1. re: StriperGuy

                                                What are you on commission for cast-iron pans? Was that supposed to be sarcastic?
                                                The whole point of reducing heat quickly is NOT waiting for it.
                                                And certainly if you want to complete cooking something that requires lower heat, removing it, as you suggest, will stop the cooking not slow it. Thus the folks who want nice tender but fully cooked and not browned whites on their fried egg would be plain old outta luck.
                                                But they aren't. A seasoned stainless pan heats and releases heat very quickly allowing for the desired result.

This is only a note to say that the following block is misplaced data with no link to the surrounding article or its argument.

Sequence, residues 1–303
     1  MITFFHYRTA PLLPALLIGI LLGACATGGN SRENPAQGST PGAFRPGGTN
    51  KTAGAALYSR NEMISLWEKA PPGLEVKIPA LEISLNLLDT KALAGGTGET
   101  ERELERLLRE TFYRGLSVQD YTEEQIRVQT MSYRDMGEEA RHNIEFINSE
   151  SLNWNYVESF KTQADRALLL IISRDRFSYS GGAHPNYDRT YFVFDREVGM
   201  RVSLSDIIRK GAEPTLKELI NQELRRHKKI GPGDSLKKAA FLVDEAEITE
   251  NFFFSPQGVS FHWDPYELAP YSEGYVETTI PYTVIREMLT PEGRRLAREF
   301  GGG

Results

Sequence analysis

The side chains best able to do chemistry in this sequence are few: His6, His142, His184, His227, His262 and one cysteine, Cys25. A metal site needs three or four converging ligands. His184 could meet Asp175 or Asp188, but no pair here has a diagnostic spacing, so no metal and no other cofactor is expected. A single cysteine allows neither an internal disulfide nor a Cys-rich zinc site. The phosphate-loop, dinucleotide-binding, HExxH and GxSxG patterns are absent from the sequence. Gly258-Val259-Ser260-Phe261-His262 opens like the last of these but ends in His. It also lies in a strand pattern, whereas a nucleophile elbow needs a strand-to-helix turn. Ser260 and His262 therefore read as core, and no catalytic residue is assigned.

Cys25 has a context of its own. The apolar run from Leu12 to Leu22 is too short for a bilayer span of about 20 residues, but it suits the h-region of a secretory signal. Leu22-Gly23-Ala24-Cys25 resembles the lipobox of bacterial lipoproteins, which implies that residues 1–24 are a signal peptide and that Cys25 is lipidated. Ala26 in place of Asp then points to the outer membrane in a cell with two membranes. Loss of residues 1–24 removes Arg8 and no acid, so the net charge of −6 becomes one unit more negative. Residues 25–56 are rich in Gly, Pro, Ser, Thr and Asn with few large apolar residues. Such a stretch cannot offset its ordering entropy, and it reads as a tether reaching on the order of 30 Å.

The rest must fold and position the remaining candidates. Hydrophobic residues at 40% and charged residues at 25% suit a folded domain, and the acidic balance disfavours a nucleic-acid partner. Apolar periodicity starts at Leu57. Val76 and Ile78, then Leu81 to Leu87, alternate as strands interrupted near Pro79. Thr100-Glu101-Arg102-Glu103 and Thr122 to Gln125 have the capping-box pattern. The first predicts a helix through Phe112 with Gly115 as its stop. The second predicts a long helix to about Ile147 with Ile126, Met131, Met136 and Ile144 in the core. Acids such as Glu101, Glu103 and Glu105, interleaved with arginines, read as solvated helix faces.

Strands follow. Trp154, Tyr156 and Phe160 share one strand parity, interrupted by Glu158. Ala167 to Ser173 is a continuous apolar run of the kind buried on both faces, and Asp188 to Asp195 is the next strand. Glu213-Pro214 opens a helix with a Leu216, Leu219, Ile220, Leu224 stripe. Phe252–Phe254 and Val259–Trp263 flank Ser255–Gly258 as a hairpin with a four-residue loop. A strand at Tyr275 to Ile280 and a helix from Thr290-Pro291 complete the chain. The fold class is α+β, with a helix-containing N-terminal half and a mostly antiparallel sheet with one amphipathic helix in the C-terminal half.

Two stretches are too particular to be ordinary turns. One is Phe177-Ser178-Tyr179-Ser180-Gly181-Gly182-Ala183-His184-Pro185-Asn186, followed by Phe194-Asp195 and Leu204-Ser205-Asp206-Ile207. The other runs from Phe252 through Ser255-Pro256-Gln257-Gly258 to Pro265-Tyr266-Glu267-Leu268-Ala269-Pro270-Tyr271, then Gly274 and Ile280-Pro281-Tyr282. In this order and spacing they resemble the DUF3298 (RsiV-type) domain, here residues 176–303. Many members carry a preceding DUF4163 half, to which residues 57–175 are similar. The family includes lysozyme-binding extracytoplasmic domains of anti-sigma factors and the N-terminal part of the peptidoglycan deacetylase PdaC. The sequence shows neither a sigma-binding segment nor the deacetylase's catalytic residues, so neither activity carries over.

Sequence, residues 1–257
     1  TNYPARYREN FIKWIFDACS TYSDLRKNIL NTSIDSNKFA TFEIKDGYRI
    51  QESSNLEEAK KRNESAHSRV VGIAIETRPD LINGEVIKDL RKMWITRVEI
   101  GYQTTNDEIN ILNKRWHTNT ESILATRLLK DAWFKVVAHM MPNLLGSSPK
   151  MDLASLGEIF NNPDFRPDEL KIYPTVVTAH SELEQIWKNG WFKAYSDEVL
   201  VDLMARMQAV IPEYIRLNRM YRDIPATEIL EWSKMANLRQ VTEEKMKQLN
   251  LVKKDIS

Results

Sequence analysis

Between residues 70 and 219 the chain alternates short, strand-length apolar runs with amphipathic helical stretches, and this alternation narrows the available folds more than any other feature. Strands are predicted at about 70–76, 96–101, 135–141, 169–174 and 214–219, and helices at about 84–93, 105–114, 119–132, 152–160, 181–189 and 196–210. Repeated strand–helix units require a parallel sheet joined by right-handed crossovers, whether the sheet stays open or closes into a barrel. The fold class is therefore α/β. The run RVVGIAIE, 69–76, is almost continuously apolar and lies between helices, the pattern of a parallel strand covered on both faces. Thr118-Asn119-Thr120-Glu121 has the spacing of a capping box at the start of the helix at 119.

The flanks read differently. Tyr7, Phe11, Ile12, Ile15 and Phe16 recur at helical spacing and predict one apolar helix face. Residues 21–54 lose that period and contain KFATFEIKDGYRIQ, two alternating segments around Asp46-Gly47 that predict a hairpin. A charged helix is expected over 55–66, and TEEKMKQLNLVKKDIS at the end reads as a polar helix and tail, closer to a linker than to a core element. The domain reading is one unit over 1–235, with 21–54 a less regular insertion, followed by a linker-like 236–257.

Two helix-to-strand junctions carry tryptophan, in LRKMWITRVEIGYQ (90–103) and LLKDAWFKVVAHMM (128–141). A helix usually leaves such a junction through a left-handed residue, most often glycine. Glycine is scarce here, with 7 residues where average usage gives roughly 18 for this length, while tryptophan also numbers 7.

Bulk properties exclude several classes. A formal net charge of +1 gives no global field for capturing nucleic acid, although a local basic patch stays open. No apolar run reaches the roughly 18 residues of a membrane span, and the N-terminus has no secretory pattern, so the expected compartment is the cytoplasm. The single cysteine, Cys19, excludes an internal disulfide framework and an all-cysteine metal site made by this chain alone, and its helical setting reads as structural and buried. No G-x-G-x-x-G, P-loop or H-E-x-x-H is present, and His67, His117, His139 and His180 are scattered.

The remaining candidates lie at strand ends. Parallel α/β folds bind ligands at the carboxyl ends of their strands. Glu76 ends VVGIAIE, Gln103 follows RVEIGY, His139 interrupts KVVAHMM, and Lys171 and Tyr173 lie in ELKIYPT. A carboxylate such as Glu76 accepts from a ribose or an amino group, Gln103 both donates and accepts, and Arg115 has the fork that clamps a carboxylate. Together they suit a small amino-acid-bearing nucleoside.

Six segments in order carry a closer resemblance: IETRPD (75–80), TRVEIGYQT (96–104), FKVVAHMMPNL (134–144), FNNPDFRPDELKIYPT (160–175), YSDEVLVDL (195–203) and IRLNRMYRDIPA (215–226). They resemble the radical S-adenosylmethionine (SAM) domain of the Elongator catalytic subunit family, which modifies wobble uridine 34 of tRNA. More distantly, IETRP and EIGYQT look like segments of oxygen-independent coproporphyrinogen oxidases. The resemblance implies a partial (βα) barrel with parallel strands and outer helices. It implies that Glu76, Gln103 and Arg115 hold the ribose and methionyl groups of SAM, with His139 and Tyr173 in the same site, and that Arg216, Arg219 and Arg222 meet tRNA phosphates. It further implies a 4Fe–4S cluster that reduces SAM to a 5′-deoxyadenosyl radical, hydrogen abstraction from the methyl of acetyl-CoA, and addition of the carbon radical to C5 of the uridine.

That is why cast iron is used so effectively to create an oven effect (Dutch ovens always made of cast iron) when no oven is available...it retains heat far longer than any other type of vessel even with an uneven or unreliable heat source like a campfire.
                                                While cast iron is great for some things like your dense porterhouse (on which you want to develop a good brown crust), it is unlikely you will find any pros using it for egg cookery and that is who to look to for most efficient use of equipment.

                                                1. re: kitchenkoach

                                                  I just love cast iron. I use it for anything except sauces and really acidic things. And I think you can do a delicately fried egg in one without browning the white with ease.